Likewise, the artificial plays a crucial role in New Romantics: “I hide / a glass stone.” The “I” is not only the poet, but also the flaneur, the liar, the ferryman and the doppelganger. The importance of the façade and the severity assigned to it are also found on the cover. Here, the poet (Michaël Vandebril himself), dressed as a dandy with wig and ringlets, looks at his own reflection in the mirror very seriously. However, he does not want to be light-hearted or frivolous. His poetic self plays its role with the dramatic seriousness that is the romantic soul itself. In addition to the exterior façade, it also conceals intertextual references. Maurice Gilliams can stand next to David Bowie and Jean Cocteau next to Kraftwerk. Vandebril shamelessly borrows themes and impressions from fellow artists and reworks them into his own work.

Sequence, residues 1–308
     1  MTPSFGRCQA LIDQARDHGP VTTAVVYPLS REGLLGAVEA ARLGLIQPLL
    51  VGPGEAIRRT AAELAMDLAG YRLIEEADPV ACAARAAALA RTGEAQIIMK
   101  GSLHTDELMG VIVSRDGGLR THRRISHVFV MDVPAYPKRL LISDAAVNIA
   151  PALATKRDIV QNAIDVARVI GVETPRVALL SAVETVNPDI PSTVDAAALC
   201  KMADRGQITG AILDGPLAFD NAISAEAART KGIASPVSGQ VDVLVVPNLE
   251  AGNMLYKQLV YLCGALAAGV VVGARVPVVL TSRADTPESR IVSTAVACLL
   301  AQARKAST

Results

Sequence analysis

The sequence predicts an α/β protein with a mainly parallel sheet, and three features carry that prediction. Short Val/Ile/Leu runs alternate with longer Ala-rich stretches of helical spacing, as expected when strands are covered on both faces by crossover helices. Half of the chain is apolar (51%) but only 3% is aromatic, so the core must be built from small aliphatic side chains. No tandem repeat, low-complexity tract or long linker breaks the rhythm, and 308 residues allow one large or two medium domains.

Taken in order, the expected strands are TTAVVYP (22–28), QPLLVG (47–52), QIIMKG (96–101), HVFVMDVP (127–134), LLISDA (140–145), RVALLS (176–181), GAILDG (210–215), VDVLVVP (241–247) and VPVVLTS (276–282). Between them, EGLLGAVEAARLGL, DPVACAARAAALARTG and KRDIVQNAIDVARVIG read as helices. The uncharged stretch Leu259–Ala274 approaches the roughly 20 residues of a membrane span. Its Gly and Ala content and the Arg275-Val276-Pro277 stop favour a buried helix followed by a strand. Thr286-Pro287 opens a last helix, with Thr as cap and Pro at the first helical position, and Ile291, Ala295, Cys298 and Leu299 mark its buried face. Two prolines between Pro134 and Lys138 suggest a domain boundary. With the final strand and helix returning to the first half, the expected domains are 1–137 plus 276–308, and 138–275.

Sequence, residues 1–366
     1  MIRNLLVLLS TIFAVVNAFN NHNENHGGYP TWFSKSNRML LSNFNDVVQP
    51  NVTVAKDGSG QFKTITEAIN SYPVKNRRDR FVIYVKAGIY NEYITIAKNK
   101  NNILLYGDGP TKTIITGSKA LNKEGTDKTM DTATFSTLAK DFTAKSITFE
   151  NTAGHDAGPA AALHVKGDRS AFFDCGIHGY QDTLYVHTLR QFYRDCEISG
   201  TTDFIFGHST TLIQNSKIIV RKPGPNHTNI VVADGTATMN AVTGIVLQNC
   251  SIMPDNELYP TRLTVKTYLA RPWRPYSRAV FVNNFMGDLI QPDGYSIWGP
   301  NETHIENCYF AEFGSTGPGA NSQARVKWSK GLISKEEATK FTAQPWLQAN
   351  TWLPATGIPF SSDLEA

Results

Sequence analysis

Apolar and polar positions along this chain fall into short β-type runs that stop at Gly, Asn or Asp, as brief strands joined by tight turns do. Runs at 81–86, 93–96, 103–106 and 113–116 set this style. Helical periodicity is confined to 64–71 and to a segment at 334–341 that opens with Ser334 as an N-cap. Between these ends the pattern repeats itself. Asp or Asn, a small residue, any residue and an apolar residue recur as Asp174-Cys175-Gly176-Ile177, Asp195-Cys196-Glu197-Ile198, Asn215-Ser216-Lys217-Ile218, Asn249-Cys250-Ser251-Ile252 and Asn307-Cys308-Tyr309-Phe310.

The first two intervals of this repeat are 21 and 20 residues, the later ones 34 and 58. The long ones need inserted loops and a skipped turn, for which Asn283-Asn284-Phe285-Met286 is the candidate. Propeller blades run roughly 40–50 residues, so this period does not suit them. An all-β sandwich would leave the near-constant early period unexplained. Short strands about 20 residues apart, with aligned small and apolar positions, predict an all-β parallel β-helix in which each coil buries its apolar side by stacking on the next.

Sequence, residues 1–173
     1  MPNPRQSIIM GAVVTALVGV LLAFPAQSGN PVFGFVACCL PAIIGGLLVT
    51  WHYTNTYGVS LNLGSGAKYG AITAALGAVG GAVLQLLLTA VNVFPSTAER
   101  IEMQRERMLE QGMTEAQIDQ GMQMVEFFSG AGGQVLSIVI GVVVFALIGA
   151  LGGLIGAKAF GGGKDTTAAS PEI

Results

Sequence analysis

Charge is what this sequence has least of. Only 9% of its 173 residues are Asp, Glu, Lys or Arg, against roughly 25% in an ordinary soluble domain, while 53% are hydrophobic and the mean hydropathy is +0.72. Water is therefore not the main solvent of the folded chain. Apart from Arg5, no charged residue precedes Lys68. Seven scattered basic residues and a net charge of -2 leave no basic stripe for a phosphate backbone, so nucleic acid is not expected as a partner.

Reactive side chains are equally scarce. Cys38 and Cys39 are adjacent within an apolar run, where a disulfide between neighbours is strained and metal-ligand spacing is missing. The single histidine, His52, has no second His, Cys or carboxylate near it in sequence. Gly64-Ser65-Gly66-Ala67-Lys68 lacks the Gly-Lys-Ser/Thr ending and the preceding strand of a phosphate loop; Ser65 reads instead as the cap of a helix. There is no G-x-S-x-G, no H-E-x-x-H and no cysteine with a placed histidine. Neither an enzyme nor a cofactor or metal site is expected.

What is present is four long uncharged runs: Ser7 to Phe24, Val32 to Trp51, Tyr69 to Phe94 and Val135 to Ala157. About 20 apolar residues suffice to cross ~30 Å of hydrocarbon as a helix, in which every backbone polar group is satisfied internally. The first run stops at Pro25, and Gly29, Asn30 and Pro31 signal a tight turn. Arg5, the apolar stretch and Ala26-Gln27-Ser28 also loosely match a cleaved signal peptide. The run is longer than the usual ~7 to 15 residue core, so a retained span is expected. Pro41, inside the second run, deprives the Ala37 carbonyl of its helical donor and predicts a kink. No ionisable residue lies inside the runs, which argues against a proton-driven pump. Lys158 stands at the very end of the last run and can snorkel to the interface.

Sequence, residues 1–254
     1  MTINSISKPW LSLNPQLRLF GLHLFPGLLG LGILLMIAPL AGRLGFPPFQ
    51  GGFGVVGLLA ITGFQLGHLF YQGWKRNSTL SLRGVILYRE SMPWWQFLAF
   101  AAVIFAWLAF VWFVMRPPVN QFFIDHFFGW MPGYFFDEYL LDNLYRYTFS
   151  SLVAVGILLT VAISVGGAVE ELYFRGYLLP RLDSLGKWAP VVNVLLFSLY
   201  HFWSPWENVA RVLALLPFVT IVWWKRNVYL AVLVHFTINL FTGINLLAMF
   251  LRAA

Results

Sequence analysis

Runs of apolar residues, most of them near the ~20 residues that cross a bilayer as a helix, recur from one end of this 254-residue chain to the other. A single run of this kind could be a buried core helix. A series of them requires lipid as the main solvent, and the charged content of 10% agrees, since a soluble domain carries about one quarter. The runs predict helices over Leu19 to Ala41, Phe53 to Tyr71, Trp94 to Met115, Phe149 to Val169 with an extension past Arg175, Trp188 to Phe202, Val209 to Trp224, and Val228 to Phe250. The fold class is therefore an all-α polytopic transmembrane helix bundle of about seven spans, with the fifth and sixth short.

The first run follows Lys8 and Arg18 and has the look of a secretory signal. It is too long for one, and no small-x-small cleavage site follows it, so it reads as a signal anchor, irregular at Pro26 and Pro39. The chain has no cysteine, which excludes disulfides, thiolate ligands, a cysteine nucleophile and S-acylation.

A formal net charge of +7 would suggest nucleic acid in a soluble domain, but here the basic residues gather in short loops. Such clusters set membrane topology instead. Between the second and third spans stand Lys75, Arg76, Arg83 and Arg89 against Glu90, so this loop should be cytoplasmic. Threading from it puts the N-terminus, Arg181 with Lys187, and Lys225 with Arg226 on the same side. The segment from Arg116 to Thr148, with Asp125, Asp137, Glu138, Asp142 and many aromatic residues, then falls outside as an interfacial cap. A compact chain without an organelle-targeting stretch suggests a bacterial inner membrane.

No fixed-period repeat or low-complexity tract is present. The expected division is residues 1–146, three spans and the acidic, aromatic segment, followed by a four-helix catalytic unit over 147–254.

The meeting between the different worlds comes to a head in the “New Romantics” cycle. In this most experimental part of this collection, Vandebril searches for the symbiosis between word and sound, thus digging for the essence of poetry. The cycle consists of twelve poems, to which an “instrumental soundtrack” needs “To Be Played at Maximum Volume (While Reading).” Still, the musical character of poetry goes beyond playing a song while reading. The words of the poem and the sounds of the music interact and the rhythm of both of them creates a sum that is much more than its separate parts. Both the music and the poem consist of repetitive parts, which create mantras that are both formally interesting and content-specific. In the opening poem, “Refrain for a City,” which belongs together with the “Theme for Great Cities” song by Simple Minds, this is perhaps the most striking. This poem namely consists of an introduction of two stanzas, a centerpiece that is made up of three almost identical parts, spread over ten stanzas, and a conclusion of two stanzas. The repetition of the verses, in which sound play is essential, is intriguing and, together with the content of the words, creates an atmosphere that affects the reader and becomes addictive. It is therefore no coincidence that the collection comes with a video clip that works exactly the way the poems do.